Tucson Police Union Wants More Benefits
Tucson police union asks for better retirement benefit
May 5, 2015 Arizona Daily Star
The police labor union wants the city to upgrade retiree medical coverage, saying its benefit package comes up short of what firefighters get.
But the city says it can’t afford that right now, when it is already struggling to pay for the growing cost of the public safety pension.
The Tucson Police Officers Association (TPOA) wants the city to pay for medical insurance between when an officer retires and when they become Medicare eligible at 65.
The city did away with that benefit in 2010 to save money, but the Tucson Fire Department gained the benefit back a year later after contract negotiations.
Retired police officers deserve the same as retired firefighters, said Jason Winsky, government affairs director at TPOA.
TPOA filed a compensation dispute with the city last week as part of the city’s compensation planning process. The union is also in labor contract negotiations with the city.
“This is a gross disparity,” Winsky said. “It’s unacceptable that they fixed it for fire but not for police.”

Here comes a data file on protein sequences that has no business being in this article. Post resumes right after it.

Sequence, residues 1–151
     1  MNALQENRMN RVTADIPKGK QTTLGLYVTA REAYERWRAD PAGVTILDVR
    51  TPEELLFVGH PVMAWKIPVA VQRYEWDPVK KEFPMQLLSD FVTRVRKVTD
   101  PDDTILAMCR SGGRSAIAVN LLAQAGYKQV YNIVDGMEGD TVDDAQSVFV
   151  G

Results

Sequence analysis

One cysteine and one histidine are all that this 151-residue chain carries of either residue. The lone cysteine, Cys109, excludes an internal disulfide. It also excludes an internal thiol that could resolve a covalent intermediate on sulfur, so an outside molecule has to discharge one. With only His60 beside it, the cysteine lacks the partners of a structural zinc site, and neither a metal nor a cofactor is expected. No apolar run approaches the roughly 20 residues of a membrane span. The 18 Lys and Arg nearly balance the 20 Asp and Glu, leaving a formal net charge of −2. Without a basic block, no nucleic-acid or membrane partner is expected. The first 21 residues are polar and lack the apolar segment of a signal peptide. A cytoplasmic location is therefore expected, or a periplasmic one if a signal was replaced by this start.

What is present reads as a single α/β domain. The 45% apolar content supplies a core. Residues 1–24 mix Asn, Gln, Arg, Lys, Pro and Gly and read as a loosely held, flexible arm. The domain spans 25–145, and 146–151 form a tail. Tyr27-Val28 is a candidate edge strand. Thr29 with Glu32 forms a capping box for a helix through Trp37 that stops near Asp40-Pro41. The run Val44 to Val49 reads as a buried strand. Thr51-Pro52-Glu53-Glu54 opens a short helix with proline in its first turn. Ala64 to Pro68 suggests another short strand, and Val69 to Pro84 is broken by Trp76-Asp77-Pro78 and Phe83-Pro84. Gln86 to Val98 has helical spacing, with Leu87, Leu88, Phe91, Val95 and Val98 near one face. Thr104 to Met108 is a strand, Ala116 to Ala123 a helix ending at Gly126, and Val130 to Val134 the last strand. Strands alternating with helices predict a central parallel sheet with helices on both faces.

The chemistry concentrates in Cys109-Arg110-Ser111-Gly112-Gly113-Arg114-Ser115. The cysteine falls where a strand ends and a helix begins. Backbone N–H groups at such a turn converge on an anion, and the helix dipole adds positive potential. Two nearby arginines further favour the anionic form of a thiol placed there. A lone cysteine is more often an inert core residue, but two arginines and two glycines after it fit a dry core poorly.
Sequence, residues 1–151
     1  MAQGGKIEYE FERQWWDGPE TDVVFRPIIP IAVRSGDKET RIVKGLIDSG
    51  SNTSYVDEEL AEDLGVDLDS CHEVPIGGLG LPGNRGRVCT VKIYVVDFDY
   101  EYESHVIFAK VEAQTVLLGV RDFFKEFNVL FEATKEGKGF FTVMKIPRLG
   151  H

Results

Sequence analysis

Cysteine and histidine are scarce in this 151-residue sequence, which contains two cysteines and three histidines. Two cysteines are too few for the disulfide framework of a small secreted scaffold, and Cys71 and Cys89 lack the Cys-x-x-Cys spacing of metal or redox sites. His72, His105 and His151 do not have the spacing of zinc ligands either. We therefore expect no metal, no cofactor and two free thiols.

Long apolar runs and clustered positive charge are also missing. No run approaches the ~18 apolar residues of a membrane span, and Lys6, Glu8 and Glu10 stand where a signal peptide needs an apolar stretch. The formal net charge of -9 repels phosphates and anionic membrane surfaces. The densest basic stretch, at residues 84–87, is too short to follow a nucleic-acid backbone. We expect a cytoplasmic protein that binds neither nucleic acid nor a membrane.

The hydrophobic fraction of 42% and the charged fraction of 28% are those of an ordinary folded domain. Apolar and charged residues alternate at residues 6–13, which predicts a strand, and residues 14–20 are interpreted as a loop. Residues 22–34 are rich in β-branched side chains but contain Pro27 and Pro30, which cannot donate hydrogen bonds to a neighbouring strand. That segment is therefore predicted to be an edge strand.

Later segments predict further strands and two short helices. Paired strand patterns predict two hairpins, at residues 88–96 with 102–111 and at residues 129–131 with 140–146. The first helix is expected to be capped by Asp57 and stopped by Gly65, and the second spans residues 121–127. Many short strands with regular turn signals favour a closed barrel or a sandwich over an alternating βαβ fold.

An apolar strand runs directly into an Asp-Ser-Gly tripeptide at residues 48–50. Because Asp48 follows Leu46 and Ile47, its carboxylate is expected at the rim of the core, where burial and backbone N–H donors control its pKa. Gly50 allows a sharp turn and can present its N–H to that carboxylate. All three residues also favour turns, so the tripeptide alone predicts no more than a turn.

City HR director Curry Hale met with TPOA, he told the City Council Tuesday during an update on the compensation planning process.
Councilmember Steve Kozachik said there are inconsistencies between various labor contracts, such as Tucson Fire and Tucson Police, because they’re negotiated independently.
The city can’t afford to do what TPOA is asking, he said.
“While we’re still pulling money from the reserve fund to balance the budget, we can’t afford raises and we can’t afford to cover these retiree health benefits,” Kozachik said.
The city recently had to find $18 million to cover the underfunded police and fire pension funds. It chose a three-year payment plan to ease the burden.
It would cost another $364,000 a year to cover the retiree health care, Kozachik said.
Winsky said the benefits are important because police and fire employees can’t work as long as other kinds of workers.
The benefit is a stopgap until they are eligible for another program.
City Attorney Mike Rankin said retiree health benefits are not within the scope of the compensation dispute process and should be discussed at the negotiating table.
The compensation plan will be approved next month.